At Monday night’s (June 2) Town Hall meeting, the American Red Cross “Wildfire Stoppers” staff facilitated a discussion with Three Rivers residents, Cal Fire and Tulare County Fire personnel, and Tulare County Sheriff’s deputies with the sole purpose of upgrading disaster preparedness. In the midst of tinder-dry, summer-like conditions, the biggest threat for a local disaster is wildfire.
Sandra Santiago-Pinheiro, Red Cross preparedness specialist, was the main Wildfire Stopper program speaker. She began the presentation with a graphic photo of a view of the apartment building where she and her family lived in Camarillo during a disastrous 1993 fire.
“I experienced that fire when I was a teenager and like everyone else in the neighborhood we were told to evacuate,” Sandra said. “Our first reaction was no way are we leaving our home and everything we own.”
Flames were literally burning within a few feet of the apartment complex, Sandra said. After some near panic moments, it was decided that her mom would evacuate with the children because Sandra’s brother had a chronic medical condition.
“My father stayed behind and fortunately firefighters were able to gain control of the fire and save our home, and no one was injured,” Sandra said. “From that time on, I decided I wanted to work with the Red Cross for my career.”
Sandra then posed the question to the audience: “What would you do if a wildfire was approaching and you were under a mandatory evacuation order?”
Most members of the audience agreed it would be a difficult decision what to grab or to drop everything and leave.
James Seligman, who lives six miles up the South Fork, said rather than become trapped by fire during an attempt to exit on the South Fork road, the only way in or out, it would be better for some residents just to stay put in sanctuaries. His property, he said, would work as a sanctuary because there is good river access.
“That could work in some situations but most people depend on the Red Cross shelters during a disaster,” Sandra said. “Communication is critical so that you know where these centers are located and how to get there.”
Rick Lafferty asked where these centers for Three Rivers are located. Paul Marquez, Cal Fire unit chief, answered that question.
“We don’t know the location of where these centers might be until we establish an incident command and assess current status and fire behavior,” Chief Marquez said. “Some obvious places to use would be the Lions Arena, the Memorial Building, and Three Rivers School.”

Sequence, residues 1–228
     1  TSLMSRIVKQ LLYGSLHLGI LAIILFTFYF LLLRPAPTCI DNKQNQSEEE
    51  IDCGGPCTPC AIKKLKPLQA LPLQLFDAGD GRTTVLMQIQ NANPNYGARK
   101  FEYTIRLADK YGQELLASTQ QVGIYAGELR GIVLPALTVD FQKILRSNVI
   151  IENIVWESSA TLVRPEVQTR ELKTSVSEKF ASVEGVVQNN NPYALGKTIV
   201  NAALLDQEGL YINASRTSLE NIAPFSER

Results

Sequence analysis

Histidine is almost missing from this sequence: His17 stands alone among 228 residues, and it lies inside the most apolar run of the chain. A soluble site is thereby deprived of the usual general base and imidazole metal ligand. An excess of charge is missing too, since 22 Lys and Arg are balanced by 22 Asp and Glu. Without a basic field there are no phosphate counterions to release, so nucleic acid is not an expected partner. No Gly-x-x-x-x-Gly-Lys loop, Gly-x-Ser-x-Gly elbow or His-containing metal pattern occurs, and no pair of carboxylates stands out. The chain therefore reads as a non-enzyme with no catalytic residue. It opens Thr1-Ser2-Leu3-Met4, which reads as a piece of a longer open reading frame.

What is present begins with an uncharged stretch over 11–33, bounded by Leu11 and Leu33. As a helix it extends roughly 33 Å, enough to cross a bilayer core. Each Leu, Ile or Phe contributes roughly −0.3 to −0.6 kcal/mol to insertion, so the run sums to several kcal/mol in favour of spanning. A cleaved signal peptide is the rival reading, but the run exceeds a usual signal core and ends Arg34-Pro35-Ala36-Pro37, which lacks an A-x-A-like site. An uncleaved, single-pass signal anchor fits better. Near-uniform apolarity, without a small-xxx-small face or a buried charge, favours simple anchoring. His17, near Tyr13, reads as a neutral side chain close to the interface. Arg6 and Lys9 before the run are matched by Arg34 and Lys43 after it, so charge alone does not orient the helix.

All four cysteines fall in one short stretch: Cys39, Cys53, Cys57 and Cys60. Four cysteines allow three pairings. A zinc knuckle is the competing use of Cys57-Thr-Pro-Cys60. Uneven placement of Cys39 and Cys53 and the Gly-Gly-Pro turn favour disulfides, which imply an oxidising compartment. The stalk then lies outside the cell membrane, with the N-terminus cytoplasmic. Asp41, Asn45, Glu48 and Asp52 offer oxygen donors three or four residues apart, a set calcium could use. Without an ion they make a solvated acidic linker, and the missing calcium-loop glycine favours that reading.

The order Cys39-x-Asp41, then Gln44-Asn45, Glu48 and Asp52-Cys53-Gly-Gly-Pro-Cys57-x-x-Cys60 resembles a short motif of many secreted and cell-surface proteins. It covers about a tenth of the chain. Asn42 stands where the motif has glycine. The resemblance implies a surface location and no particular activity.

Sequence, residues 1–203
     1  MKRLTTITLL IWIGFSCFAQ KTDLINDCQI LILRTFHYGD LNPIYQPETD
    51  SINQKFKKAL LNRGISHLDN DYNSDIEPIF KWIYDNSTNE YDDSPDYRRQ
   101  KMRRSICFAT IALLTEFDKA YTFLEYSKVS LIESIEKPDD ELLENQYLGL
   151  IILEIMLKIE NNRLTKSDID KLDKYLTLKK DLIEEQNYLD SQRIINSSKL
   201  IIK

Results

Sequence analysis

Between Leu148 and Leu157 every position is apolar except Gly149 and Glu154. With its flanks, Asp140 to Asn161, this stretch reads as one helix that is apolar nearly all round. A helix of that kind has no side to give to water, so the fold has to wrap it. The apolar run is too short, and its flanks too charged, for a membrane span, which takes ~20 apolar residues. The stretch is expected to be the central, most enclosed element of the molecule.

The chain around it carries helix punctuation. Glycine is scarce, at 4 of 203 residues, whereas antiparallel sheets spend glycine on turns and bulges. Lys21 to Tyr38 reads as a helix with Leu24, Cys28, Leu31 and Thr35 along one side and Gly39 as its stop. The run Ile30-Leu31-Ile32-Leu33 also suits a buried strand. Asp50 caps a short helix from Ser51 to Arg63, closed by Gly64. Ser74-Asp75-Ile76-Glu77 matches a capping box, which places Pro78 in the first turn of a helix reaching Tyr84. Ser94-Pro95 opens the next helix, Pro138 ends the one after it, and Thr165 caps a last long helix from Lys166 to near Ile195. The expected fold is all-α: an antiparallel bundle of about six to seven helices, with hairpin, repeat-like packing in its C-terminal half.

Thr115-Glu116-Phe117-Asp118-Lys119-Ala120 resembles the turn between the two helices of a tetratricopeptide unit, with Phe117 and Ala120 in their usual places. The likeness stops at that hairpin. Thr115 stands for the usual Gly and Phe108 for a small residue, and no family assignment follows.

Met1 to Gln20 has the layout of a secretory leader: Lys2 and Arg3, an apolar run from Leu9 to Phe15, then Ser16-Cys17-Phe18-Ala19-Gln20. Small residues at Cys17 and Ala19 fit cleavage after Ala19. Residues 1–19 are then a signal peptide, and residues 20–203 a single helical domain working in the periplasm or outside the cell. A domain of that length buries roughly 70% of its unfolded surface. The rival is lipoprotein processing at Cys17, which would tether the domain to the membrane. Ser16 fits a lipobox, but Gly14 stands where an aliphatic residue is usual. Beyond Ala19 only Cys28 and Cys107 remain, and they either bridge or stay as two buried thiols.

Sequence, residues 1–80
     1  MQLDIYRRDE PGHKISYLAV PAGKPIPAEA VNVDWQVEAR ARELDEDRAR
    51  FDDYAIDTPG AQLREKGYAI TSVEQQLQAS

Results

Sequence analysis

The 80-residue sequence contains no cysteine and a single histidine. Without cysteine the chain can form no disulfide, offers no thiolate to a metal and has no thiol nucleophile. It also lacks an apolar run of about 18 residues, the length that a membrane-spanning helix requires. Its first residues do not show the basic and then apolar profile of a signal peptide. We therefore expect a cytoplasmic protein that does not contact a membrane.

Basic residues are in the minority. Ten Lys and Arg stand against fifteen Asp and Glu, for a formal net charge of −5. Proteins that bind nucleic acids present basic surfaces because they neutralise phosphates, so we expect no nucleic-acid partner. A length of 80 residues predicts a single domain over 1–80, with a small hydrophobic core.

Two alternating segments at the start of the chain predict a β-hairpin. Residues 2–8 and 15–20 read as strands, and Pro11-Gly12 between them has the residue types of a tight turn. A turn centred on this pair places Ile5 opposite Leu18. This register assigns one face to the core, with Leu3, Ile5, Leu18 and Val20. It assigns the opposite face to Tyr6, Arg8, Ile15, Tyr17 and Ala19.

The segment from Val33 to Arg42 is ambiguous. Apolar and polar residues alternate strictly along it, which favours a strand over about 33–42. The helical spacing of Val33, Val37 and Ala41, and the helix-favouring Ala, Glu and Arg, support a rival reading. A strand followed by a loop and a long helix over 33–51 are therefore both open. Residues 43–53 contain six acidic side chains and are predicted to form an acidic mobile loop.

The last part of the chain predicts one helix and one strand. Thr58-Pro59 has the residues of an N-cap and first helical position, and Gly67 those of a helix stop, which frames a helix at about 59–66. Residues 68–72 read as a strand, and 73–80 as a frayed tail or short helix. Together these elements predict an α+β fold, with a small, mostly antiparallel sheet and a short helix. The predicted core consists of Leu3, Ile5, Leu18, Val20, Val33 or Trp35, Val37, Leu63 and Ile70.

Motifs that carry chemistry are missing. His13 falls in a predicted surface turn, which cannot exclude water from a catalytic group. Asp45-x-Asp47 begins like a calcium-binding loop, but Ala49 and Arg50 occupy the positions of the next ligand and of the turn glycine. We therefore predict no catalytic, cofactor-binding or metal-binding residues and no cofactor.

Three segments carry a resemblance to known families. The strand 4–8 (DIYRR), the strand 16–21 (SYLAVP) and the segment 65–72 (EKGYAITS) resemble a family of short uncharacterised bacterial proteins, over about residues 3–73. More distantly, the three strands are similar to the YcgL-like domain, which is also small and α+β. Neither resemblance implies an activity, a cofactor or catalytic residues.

Chief Marquez also said that fire work crews recently completed site clean-up and brush removal on the Three Rivers School property. That area is now more fire safe and could potentially be a shelter for livestock from outlying ranches if needed.
Santiago said that Red Cross shelters provide temporary shelter, meals, and medicines.
Red Cross staff provided several flyers that underscored what residents must do to be prepared in rural areas like Three Rivers. Key for Three Rivers residents is to know there is extreme risk and prepare every property by clearing brush and trimming trees at least 100 feet around every structure.
Emergency phone numbers should be posted by every phone.
In Three Rivers, it’s critical to know your neighbors and have their phone numbers nearby too.
“In addition to marking your driveways so we can find you, everyone needs to be notified near where a fire is burning,” Chief Marquez said. “If we knock on your door, we need to know immediately how many homes are in the area and who might need assistance with getting out or moving livestock or pets.”
Sandra continued, “Everyone should have a plan for family members to stay in contact and know what you should take if you are ordered to evacuate. Always have enough food and water for at least three days in the event of an emergency. Sometimes staying and sheltering in place is the best option.”
Katrina Poitras, Red Cross disaster program manager, said her agency is currently forming a Disaster Action Team (DAT) in Visalia.
“We would like start one in Three Rivers too,” Poitras said.
Anyone interested in volunteering for a local DAT may call Katrina at her Fresno office, 455-1000, or email Katrina.Poitas@redcross.org.
Linda Mutch spoke on behalf of the Sequoia and Kings Canyon National Parks fire program. She said she is currently the acting fire education specialist and may be contacted at the office number: 565-3703.
“The ignitions on the Bear Hill prescribed burn in Giant Forest have been completed so there will only be minimal smoke,” Mutch said. “With the drought conditions, it is doubtful that the NPS will ignite any more prescribed fire until conditions change.”